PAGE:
Part of my job now is to be on the look out for the next *insert name of current popular author here* when reading queries and that mindset seems to follow me when I read for pleasure. As I read Fangirl, I was reminded of the writing of John Green, who wrote a stellar review of Eleanor & Park for the New York Times that prompted me to read that book. There are a couple of reasons that John Green sells the phenomenal numbers of books that he does and one of them happens to be his talent as writer, specifically his ability to create richly detailed characters that readers bond with. I think that Rainbow Rowell is every bit as talented a writer, every bit as gifted as Green when it comes to character development, and could easily be called the "next John Green," for what that's worth. Hopefully Fangirl will propel Rowell into a readership as enormous and far reaching as Magicath's, if it isn't already.

Source: Review Copy

On December 23, 2013, Rainbow Rowell and  Noelle Stevenson shared some very cool details about the UK edition of fangirl that will be published on January 30, 2014. As Rainbow writes:

I’ve been wanting to talk about this for a long time …

The UK edition of Fangirl, which comes out Jan. 30, has EXCLUSIVE bonus art from Noelle Stevenson (AKA gingerhaze)!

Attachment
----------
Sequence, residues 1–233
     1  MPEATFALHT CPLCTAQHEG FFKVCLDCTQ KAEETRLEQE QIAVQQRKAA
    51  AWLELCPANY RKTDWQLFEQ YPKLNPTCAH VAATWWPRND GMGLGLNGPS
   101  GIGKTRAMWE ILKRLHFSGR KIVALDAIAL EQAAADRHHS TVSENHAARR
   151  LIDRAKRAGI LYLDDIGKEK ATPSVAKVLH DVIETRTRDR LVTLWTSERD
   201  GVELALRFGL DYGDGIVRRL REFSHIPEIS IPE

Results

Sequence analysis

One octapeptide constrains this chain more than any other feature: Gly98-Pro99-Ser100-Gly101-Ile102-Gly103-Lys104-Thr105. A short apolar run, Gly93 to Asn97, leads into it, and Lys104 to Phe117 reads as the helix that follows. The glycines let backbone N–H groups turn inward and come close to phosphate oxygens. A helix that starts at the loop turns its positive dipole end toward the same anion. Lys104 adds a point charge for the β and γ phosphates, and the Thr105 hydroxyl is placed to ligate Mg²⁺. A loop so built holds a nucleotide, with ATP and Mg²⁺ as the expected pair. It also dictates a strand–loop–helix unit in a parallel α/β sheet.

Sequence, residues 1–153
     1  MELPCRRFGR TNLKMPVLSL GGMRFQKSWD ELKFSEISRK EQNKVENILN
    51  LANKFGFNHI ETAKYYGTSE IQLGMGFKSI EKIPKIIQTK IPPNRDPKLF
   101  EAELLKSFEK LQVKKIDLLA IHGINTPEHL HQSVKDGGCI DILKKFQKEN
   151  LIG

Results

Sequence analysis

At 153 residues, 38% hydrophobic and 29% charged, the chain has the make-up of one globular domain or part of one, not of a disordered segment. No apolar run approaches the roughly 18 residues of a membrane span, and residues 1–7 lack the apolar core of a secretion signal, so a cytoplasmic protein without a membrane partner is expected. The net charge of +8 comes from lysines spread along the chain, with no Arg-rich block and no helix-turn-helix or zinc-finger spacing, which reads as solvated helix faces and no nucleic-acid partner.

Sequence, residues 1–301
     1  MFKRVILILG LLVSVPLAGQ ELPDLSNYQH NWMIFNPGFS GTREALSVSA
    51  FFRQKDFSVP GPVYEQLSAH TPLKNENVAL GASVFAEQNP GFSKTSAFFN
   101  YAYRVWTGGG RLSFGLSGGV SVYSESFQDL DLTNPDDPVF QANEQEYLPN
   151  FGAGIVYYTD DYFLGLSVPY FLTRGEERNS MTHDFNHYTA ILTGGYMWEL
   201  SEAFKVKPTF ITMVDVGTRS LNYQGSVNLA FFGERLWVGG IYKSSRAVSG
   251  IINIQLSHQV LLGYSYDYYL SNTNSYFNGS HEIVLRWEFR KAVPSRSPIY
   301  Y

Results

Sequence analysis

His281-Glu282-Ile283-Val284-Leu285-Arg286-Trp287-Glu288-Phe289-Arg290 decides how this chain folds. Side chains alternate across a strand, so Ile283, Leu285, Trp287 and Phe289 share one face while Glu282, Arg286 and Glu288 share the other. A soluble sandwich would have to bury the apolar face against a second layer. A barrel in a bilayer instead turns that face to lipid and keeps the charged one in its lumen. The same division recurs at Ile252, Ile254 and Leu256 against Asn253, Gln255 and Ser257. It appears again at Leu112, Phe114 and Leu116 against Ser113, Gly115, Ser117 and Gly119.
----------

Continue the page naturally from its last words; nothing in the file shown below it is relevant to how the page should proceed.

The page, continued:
There’s an illustrated scene between Levi and Cath AND (this is what I’m really excited about …) a cast portrait. So you get Noelle’s take on Levi and Cath, but you also get Wren, Art, Nick and Reagan. (Reagan!)

The UK paperback also has an interview with me and a few Simon Snow deleted scenes.
If you live in the U.S. — or anywhere — and you really want this edition, you can order it from online bookstores. I do this all the time.



I just ordered my copy and, with shipping, it came out to $22.00 - not too bad!


And: Coming October 6, 2015: Carry On! As promised, it is the story of Simon Snow in his last year of school at  the Watford School of Magics and the disappearance of his roommate and longtime nemesis... The blurb promises: Carry On is a ghost story, a love story, a mystery and a melodrama. It has just as much kissing and talking as you'd expect from a Rainbow Rowell story-but far, far more monsters.